As a kid, I had all types of ailments. Now I know that I hold my emotions in my body, but then I didn’t know that. I just knew that I hurt.
Some things were completely internal. During my teen years I had a perpetual stomachache due to influences inside and out. My back ached, and I thought it was because I worked on my feet after school. I had awful heartburn, to the point that, before I knew what it was, I was convinced I was having a heart attack, night after night. My head hurt so bad.
Other things were objectively external. I fell off my bike, with bruises and bleeding every where. My ear was singed by the hot comb. The clothesline jumprope hit me in the face. The belt caused welts.
Often I heard, you’ll live. And it was true. I did. I’m here. But I’m not sure that I really lived.
I survived. The bruises healed. The blisters broke. The welts went down.
I learned something about pain. I learned to keep it to myself. To not let people know I was hurting, even the people who were supposed to love me the most. To keep it in in in in so far in that it became me, a walking statute of pain with the pain inside contained in a plaster outside.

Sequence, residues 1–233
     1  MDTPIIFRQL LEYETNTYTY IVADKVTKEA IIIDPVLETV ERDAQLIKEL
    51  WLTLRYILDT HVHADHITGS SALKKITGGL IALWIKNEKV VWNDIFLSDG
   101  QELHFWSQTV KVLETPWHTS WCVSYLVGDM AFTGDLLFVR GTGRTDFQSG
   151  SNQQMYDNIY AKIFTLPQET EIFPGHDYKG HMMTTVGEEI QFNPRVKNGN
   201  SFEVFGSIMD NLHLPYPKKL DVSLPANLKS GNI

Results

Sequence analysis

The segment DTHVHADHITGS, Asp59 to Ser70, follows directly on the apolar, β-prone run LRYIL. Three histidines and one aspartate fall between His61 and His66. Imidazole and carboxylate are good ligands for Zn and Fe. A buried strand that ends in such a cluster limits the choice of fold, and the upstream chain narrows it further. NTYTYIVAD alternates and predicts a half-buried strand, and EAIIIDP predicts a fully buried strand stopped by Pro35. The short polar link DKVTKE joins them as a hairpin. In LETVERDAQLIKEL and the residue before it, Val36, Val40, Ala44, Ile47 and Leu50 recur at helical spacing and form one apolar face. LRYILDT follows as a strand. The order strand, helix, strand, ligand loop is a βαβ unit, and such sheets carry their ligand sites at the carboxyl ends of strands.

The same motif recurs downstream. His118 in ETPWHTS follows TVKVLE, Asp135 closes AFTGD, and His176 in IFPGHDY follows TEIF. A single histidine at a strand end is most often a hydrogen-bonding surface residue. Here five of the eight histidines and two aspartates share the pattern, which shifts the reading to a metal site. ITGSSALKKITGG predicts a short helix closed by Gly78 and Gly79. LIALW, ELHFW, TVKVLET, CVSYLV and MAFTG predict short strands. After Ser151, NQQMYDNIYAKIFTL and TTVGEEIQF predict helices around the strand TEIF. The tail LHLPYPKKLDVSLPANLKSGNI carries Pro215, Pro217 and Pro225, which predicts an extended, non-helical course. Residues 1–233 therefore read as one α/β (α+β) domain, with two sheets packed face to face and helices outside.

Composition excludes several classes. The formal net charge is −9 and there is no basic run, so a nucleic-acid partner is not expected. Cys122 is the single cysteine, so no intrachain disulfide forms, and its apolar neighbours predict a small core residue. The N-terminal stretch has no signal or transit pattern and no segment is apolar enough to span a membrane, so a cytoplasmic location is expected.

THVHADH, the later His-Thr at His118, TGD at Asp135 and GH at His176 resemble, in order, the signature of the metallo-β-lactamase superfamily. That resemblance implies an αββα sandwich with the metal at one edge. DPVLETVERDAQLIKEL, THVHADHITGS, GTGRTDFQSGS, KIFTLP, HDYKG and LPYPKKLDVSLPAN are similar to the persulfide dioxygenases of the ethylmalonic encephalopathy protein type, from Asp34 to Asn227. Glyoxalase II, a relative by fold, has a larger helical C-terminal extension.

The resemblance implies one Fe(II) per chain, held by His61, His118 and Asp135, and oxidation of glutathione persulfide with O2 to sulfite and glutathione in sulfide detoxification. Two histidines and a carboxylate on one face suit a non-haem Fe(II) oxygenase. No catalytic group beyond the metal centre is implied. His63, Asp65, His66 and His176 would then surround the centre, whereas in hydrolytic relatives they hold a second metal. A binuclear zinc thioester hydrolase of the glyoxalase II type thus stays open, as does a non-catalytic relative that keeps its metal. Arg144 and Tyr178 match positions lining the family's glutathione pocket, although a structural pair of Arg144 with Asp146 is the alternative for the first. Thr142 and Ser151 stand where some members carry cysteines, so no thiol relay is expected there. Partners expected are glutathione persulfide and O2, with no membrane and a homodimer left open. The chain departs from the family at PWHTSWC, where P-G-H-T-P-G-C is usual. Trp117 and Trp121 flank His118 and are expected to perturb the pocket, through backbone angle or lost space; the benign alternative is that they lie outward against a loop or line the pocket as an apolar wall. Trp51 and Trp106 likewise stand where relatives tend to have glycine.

My plaster was like most, however: it sucked. I oozed pain. I cried all the time. And I felt so guilty with each tear. Like, you’re not dying. That should be enough.
Until I was dying. Until I couldn’t escape the thoughts to drive my car into a tree. Until I couldn’t stop the urge to take all the meds I had in my house. Until I had to go to a friend’s house so I wouldn’t sit in my car, garage door closed, engine running.
And it wasn’t until I was hospitalized with debilitating depression that I realized that living wasn’t the goal. That survival wasn’t the only thing to work toward. But I was glad to at least reach that.
Every year, though, around this time, I feel like surviving is my goal. To get through this week. This month. This semester. This calendar year. In this time of COVID, that goal feels both more elusive and more attainable. Elusive as I’m unable to touch and feel my people. Unable to see my family in Philly, my friends in Chicago. Attainable as I’m surrounded by my faves, including my spouse who is a gem of a person. On balance, I’m ahead.
Every year, I’m moving toward doing more than living, more than surviving. I’ve filled my house with plants, a true testament to life. My children are here, and I’m learning more about them, living as their mother. My spouse is here, and I like him. I really like him. My students, though never having met them in person, I feel connected to. I’m moving in my roles completely, as mother, wife, teacher.
But am I moving in my role as me? Being, not living or surviving. Inhabiting my space, my body, with love and grace and compassion and longing to be alive. That’s a lot harder than surviving.